Tuesday, July 26, 2011
Appalachian Ridge Runner
In the quest to do more than just take pretty pictures, Jerry Greer is using his images to promote conservation in the region of the country he loves the most
To reach the Priest Pinnacle in the Priest Wilderness of the George Washington National Forest in central Virginia, Jerry Greer starts out long before daybreak to trek two miles up the Appalachian Trail, and then, with his GPS, heads off-trail to reach a remote outcropping of massive boulders. This is his first trip to this area, so he relies on battery-operated digital technology to aid him in his quest. And although the hike is strenuous, he savors the damp spring air and the refreshing, cool breeze. The fresh aroma of the spring forest doesn't hurt either; no digital contraption can make that happen.
Once he reaches his destination at 4,063 feet, the view unfolds before him, and Greer soaks in a vista that defines the essence of the Appalachian Mountains. While his legs carried him to his destination, the GPS ensured he would reach the precise location he desired for photographing an Appalachian spring morning. Relying on the old, but embracing the new: That's Greer's way of doing things.
Experiencing moments like that spring morning has cemented Greer's renewed sense of dedication and urgency in having his photography count for something besides being just another pretty picture.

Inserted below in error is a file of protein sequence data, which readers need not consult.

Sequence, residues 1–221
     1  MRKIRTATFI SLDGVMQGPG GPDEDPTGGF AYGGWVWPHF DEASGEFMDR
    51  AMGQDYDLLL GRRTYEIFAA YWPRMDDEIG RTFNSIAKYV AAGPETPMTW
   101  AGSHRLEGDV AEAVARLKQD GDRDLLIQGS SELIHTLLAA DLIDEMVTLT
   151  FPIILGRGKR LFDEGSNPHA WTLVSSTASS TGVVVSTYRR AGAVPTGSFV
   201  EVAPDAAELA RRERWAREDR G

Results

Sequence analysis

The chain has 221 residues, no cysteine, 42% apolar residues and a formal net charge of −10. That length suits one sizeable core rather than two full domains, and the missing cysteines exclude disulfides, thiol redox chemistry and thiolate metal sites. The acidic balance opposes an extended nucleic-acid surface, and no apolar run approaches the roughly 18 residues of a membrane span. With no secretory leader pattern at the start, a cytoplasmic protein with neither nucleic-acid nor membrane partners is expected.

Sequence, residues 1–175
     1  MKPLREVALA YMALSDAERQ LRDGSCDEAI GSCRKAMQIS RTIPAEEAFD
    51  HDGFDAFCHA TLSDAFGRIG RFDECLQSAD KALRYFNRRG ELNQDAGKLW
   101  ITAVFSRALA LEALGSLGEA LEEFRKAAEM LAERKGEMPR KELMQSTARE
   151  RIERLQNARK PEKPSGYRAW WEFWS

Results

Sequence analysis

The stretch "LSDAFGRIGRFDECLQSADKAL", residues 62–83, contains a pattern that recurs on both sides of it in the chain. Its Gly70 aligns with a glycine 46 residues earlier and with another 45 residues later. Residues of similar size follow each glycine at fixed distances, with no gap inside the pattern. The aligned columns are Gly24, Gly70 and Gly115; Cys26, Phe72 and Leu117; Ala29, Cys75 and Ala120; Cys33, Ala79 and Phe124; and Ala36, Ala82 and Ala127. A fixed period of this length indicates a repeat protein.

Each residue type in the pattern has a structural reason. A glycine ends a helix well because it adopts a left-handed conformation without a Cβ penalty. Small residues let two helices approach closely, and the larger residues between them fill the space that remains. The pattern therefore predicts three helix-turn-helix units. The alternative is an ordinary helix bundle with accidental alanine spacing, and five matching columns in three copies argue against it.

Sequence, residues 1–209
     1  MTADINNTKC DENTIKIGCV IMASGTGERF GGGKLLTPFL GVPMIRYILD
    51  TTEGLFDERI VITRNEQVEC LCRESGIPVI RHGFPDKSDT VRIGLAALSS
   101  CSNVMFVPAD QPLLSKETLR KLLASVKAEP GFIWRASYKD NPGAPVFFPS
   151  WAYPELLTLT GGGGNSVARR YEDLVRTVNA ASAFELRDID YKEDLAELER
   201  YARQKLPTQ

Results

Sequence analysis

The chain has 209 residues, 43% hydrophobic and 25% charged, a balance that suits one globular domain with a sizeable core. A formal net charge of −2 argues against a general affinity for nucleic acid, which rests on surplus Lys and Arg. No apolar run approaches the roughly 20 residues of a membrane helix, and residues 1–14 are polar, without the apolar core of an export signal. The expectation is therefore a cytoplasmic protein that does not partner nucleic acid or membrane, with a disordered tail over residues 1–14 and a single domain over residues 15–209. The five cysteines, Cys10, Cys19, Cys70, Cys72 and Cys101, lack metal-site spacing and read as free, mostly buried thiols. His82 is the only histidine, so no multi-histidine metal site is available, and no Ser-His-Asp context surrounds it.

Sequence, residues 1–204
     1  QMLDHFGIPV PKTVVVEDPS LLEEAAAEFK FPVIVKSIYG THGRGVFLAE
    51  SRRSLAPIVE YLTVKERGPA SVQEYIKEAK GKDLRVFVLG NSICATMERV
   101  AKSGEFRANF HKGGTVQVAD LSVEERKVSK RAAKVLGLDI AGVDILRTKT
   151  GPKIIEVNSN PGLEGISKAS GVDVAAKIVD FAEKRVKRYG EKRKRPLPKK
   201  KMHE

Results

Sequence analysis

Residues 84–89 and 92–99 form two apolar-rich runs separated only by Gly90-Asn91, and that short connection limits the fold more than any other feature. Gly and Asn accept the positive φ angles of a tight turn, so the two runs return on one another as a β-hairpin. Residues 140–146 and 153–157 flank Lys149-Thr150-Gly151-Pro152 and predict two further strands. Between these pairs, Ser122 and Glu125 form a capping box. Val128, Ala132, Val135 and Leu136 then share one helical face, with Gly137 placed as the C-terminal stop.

"To this day, that moment on the Priest is one that vividly sticks in my mind," Greer remembers. "I'm so thankful for the National Wilderness Act, and the protection and preservation that it gives to such wonderful places. Without it, I can't imagine that this view would ever grant me or others such feelings of solitude and freedom."
With the exception of a seven-year stint residing in Colorado, the rumpled ridges and worn peaks of the southern Appalachian Mountains have remained Greer's home and favorite place to photograph.
"I grew up in southwestern Virginia," he explains, "within an hour of the Tennessee, North Carolina and Kentucky border. I realized while living out West that the lure of the Blue Ridge Mountains is strong. They kept calling me back, and I eventually couldn't suppress the urge to return."
During his childhood, Greer was the typical Appalachian kid, hunting and fishing with his father and grandfather whenever he could. But it wasn't long after getting his first camera in the early 1980s that he started to feel a need to leave the gun behind and photograph nature instead. Greer did step away from his love for nature for a few years, but he quickly regained his senses.
"After some soul-searching in my early 20s, my love for nature was rekindled, and I decided to pursue nature photography as a career."
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